In fact, much of my time in Vessel was spent moving the little scientist around between various components of a puzzle, pressing buttons and pulling levers. Usually this contributed to the excellent mechanical feel of the world, as I made the giant machines come to life by rotating giant gears and cranks. But it did become tedious on occasion, especially when I’d figured out what needed to be done but still had to run all over the screen to push all the buttons. The actual movement controls are a little clunky (jumping especially), but this was not a big problem when I was just navigating around without any real threat. In the rare cases where actual platforming feats were required, however, it became rather frustrating. But on the whole I quite liked the puzzles, which are varied and slowly introduce new types of liquid and new types of Fluros (with different behaviors) without becoming too daunting. I only got stuck on a couple of occasions, but many puzzles can be skipped over and returned to later if the player is having trouble, and a handful are completely optional. For the vast majority of the game I was happily solving puzzles in order, occasionally stopping to ponder the solution before I figured it out. I did find that the later puzzles got a little too fiddly, though; I liked them in concept but not as much in execution.
The optional parts consist of tougher puzzles, and it’s here that the aggravating platforming usually came into play. The reward for completing these sections is protoplasm, a special type of liquid that’s used to buy upgrades for the scientist’s liquid-squirting apparatus. Annoyingly, it’s quite possible to squirt protoplasm around at other times and waste it, but fortunately the upgrades are all completely optional anyway. I’d argue that increasing the size of the scientist’s portable liquid tank and upping the pressure on the basic nozzle helps avoid a lot of headaches, but the alternate nozzles are more of a novelty. They can be useful in some situations, but I stuck to the basic nozzle most of the time. These upgrades are purchased in the scientist’s lab, using a suitably ridiculous machine that involves all sorts of cranks and buttons. The lab acts as a hub between levels and can be visited at any time from the menu screen, which can be nice when a specific upgrade seems in order. It’s also where the scientist’s giant experimental reactor resides, and watching it slowly come together over the course of the game gives a great sense of progression.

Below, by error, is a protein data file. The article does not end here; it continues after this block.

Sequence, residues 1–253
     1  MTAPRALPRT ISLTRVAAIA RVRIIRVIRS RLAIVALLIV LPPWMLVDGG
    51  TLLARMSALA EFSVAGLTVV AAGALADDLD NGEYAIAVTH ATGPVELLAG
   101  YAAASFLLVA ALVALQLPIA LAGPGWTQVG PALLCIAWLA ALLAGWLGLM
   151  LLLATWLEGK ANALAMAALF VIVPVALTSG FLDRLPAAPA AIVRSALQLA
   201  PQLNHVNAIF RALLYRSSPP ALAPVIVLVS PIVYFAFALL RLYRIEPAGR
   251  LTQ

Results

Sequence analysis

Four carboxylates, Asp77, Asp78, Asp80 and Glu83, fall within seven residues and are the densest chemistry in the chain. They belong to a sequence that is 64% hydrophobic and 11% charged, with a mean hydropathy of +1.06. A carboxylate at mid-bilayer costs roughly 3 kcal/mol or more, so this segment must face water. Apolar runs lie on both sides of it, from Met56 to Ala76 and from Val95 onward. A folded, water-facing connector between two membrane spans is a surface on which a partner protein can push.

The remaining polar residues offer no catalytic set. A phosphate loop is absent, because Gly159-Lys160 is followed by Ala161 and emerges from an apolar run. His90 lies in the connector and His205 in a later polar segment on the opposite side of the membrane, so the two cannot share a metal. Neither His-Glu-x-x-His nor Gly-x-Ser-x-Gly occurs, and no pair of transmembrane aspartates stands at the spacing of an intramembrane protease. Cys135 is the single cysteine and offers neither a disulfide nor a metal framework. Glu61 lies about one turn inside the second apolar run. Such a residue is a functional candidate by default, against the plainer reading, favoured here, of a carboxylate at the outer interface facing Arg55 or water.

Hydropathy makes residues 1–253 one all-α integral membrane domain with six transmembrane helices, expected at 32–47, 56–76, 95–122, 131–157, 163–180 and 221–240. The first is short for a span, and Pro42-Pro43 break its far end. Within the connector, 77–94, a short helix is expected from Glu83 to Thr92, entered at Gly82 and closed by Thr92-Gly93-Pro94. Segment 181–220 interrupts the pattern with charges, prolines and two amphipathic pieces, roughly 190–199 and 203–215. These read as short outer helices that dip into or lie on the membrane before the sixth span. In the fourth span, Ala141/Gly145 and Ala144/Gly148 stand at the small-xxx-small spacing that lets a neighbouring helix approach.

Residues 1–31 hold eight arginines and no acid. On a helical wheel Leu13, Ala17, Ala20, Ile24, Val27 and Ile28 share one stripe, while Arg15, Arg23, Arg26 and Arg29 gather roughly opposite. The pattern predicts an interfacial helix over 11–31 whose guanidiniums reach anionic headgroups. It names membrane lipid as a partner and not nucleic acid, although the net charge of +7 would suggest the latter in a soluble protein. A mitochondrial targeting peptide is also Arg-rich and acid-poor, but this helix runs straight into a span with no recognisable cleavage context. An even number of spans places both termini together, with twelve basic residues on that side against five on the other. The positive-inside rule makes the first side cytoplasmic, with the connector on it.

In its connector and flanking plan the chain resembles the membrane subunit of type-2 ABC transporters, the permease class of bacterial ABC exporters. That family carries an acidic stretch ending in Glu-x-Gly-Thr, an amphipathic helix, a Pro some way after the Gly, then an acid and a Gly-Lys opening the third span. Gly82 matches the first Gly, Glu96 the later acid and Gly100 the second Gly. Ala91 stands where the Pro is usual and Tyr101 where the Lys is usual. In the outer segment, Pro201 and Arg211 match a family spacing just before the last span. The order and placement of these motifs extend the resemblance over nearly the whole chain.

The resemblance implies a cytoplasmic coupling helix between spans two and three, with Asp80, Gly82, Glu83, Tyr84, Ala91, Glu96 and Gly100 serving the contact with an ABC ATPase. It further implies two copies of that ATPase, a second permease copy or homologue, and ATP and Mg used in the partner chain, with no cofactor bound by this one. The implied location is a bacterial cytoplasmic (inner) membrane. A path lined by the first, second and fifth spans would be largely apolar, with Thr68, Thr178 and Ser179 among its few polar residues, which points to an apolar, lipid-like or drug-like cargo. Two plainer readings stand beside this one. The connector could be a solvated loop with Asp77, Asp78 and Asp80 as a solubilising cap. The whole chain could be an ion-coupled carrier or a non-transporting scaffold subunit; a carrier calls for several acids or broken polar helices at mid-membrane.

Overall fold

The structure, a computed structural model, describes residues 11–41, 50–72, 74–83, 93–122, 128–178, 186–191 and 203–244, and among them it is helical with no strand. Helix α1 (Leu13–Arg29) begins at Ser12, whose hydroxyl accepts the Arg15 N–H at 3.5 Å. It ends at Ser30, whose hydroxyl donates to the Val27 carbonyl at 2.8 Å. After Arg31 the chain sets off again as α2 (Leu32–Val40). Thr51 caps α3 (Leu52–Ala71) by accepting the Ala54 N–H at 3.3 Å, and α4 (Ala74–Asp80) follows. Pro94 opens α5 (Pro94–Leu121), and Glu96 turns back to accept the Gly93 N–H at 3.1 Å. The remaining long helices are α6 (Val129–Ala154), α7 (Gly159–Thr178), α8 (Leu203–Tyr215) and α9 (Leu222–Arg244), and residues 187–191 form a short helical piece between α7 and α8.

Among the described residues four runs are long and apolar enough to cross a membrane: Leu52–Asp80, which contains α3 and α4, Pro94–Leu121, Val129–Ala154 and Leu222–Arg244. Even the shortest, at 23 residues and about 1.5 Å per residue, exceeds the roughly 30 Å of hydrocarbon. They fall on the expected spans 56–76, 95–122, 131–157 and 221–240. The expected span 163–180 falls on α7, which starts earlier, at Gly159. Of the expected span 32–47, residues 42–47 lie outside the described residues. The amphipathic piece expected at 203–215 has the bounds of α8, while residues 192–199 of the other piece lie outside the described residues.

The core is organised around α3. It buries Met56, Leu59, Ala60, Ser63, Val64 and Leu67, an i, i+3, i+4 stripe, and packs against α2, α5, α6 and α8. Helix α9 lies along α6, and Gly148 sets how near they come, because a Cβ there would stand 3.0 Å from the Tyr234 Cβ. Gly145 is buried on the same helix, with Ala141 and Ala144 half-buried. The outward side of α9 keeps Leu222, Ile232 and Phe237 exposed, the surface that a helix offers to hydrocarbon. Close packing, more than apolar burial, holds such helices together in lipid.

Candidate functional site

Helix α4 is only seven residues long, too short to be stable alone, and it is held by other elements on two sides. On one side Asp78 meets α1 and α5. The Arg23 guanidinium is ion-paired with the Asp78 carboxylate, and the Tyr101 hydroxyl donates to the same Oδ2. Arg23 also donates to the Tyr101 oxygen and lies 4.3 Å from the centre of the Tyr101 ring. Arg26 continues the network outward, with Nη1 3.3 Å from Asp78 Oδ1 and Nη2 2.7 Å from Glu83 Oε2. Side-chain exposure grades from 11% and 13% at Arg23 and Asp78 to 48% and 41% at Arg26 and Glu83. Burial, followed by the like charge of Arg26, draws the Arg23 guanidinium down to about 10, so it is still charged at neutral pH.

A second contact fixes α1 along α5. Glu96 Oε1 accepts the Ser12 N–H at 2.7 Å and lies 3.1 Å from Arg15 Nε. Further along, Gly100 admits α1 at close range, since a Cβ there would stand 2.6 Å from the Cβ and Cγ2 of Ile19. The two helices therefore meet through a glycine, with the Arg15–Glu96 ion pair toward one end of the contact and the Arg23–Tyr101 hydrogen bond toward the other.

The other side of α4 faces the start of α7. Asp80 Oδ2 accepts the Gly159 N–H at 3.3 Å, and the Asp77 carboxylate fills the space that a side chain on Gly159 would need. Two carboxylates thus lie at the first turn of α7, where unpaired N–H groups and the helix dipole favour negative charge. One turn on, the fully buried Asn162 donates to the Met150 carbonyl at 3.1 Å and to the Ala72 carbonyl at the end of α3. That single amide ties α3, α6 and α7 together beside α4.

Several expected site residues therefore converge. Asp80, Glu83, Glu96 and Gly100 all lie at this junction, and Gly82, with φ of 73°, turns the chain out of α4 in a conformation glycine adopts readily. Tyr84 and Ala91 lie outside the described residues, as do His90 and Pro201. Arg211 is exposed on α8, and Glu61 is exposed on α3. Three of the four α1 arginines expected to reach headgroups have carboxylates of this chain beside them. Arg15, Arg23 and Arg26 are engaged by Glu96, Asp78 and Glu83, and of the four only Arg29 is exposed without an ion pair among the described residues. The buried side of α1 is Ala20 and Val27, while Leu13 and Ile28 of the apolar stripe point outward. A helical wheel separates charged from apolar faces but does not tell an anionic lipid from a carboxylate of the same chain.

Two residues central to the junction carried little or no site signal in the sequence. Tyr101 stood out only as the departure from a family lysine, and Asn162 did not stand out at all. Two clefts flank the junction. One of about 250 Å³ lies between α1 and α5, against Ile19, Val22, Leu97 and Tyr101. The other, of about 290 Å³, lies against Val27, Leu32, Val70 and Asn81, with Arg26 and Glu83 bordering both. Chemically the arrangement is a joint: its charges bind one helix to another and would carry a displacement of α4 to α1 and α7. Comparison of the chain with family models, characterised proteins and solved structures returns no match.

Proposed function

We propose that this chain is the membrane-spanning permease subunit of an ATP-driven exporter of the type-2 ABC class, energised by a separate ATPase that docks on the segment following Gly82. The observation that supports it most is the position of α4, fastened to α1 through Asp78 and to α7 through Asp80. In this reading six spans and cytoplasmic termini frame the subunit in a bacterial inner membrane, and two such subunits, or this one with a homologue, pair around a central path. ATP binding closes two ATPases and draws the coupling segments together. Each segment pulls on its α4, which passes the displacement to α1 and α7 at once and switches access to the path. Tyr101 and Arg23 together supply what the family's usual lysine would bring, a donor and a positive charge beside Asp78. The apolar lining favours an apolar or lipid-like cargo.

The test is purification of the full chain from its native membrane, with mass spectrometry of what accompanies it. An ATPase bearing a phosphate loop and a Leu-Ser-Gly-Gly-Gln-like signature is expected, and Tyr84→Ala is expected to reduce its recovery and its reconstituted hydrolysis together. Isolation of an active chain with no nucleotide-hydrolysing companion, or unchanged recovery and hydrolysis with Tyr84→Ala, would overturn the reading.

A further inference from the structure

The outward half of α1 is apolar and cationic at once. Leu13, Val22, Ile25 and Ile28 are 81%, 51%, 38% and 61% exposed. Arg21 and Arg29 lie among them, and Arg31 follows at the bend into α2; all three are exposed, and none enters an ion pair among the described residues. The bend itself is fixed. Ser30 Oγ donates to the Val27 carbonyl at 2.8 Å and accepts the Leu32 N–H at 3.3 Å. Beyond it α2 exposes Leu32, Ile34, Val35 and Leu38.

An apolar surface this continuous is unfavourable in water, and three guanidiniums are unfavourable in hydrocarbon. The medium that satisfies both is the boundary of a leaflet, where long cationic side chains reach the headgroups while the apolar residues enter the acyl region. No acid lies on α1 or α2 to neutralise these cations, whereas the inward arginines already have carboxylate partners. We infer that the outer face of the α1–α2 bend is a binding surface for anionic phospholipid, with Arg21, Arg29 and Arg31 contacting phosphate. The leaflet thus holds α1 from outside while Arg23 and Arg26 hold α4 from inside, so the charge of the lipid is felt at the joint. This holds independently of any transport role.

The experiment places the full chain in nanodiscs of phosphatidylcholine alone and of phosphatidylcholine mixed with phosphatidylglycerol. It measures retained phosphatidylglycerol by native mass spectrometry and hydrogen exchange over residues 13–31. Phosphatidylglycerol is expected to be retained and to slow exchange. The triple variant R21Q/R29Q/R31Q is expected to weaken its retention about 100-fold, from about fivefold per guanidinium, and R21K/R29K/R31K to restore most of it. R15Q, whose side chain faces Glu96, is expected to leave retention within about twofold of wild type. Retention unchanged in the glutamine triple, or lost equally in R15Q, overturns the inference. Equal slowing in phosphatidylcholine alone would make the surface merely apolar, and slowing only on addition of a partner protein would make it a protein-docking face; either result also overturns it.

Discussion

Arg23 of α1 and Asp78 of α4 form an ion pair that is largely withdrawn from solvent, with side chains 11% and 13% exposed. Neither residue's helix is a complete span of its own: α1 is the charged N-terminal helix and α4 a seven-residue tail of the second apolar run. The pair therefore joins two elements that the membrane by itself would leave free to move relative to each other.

Really, though, this is all just icing on the cake. The fluid physics is the star of the show, and the puzzles provide plenty of opportunities to show it off. Chutes, drains, basins and the like are scattered everywhere, waiting to be filled with liquids of all types, and the liquids themselves never lose their charm. If you’ve ever splashed around in a puddle just for the fun of it, you will likely enjoy Vessel. It’s fairly lengthy too and there’s a (Steam-only) demo available if you’re undecided. Give it a shot. You know, for science.
EDIT: The Indie Platformer Marathon is now complete! See all the posts here.